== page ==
Woodland finished the week without a single three-putt, an unbelievable feat at a U.S. Open. But this was not your usual U.S. Open, if there is such a thing anymore. Woodland’s 271 total is the second lowest total in the history of the championship.
Pebble Beach played tough all week, but not U.S. Open tough. The forecasted sun never came to firm up the greens and the wind never arrived to make sure players missed them. Players were raving about how fair the course was, which tells you all you need to know. That said, the course is still a daunting masterpiece with its tiny greens and thick rough and was enough of a test to identify the best players of the week.
Justin Rose began the day just one shot back of Woodland but the Englishman had been relying heavily on a scorching putter all week, and his luck ran out. Averaging just 24 putts per round over the first three days, Rose needed 32 putts on Sunday and stumbled to a three-over par 74, to finish tied for third at seven-under.
“The putter wasn’t quite as warm today as it was yesterday,” Rose said. “Took a bit of a day off. But I felt like I had to have a day where I pieced everything together to win. It was close. But coming in, once momentum leaves you a little bit, it just becomes hard to grind it out.”
Also in the group at seven-under was Jon Rahm and former RBC Canadian Open champ Chez Reavie. It’s Rahm’s eighth top-ten in 13 tournaments in 2019.
Aussie Adam Scott made an early charge on Sunday looking to post a score and get in the clubhouse. Scott shot a four-under 31 on the front nine but made a double bogey and two bogeys on the back, including at the par-4 16th where he missed a two-foot putt and sent it six feet past the hole. Scott finished tied with Louis Oosthuizen for seventh at six-under.
Rory McIlroy needed a Sunday like he had at the RBC Canadian Open, but that dream ended on the second hole with a double bogey, after getting snarled in the fescue left of the fairway.
McIlroy had six birdies on Sunday but also made two doubles and three bogeys en route to a one-over par 72, to finish at five-under for week in a tie for ninth with Henrik Stenson and Chesson Hadley.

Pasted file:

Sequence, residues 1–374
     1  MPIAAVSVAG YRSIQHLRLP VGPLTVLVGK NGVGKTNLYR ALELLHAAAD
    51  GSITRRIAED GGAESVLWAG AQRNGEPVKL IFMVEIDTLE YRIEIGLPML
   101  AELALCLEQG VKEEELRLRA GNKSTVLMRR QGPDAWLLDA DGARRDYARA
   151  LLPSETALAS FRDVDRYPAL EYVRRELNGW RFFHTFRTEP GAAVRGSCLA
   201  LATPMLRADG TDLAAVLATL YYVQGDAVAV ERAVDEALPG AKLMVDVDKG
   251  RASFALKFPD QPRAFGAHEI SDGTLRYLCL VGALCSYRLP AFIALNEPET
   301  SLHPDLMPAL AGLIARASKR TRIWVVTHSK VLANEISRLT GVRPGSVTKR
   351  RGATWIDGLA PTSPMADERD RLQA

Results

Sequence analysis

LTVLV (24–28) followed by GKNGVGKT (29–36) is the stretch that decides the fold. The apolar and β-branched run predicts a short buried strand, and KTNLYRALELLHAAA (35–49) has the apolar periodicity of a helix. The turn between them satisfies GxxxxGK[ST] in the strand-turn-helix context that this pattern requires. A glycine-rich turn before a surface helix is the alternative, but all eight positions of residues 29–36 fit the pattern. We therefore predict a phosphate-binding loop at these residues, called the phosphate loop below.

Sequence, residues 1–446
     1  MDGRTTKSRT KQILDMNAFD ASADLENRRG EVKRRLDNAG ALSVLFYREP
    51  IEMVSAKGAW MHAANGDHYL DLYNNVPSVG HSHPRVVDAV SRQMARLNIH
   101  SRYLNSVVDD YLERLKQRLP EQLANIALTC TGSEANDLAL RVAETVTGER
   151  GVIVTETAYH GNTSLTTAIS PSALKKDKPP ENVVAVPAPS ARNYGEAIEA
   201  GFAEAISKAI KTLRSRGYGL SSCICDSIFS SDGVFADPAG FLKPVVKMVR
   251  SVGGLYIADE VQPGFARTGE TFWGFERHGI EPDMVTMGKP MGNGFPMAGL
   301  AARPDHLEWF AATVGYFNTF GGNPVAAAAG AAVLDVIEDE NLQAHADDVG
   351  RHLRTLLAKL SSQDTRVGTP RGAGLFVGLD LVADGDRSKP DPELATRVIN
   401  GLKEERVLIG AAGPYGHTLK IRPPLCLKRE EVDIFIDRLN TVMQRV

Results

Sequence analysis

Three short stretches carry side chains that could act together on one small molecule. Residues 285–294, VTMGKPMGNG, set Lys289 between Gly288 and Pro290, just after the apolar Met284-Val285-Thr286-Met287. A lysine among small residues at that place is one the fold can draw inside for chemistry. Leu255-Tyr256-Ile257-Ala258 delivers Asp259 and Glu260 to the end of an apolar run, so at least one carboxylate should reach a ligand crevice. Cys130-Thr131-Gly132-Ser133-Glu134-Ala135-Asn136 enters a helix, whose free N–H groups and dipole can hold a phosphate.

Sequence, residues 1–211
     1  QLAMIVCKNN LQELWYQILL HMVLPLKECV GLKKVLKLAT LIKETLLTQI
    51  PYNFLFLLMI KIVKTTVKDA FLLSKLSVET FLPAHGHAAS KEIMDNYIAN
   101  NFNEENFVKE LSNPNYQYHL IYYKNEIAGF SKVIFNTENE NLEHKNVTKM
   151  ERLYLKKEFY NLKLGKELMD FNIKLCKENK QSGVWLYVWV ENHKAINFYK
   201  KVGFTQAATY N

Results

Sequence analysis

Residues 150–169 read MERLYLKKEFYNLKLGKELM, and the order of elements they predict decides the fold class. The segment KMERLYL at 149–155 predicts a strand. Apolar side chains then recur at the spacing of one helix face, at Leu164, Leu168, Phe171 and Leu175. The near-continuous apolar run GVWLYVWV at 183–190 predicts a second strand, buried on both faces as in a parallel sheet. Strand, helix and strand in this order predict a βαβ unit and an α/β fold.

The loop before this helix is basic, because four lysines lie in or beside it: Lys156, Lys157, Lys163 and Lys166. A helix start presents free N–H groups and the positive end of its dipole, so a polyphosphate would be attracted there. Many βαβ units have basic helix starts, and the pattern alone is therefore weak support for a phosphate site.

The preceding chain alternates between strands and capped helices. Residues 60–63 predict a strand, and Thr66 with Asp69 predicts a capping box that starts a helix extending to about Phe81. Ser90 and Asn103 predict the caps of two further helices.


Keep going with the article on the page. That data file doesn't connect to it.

TIGER KEEPS FIGHTING
Tiger Woods could have packed it in on Sunday after beginning the day out of contention and then proceeding to bogey four of his first six holes. He looked to be on his way to a score between 75 and 80. A number that — combined with his comments on Saturday about his neck being sore and every shot hurting — immediately would have led to another round of injury speculation.
Instead, Woods did what Woods does. He grinded it out and birdied six of his last 12 holes, to shoot a two-under 69, his lowest score of the week, and finish at two-under for the tournament in a tie for 21st.
“Yeah, just keep fighting,” he said after his round. “Just because I got off to a bad start doesn’t mean it’s over. Keep grinding, keep playing. And I was able to turn my round around today.”
Woods does not plan to play any tournaments before the British Open at Royal Portrush taking place on July 18-21.
“I’ve never been up to Portrush, and I’m looking forward to getting up there and taking a look at the golf course and trying to figure out,” Woods said.
Phil Mickelson had hopes of completing the career grand slam this week after more than his share of U.S. Open disappointments. It wasn’t to be. Mickelson finished the week at four-over par. “I don’t know what else to say,” he said after his round.“It’s not like I’m going to stop trying. I enjoy the challenge. But I thought this was a really good chance for me.” … Canada’s Nick Taylor shot a one-over 72 on Sunday to finish at two-over par in a tie for 43rd.
Copyright Postmedia Network Inc., 2019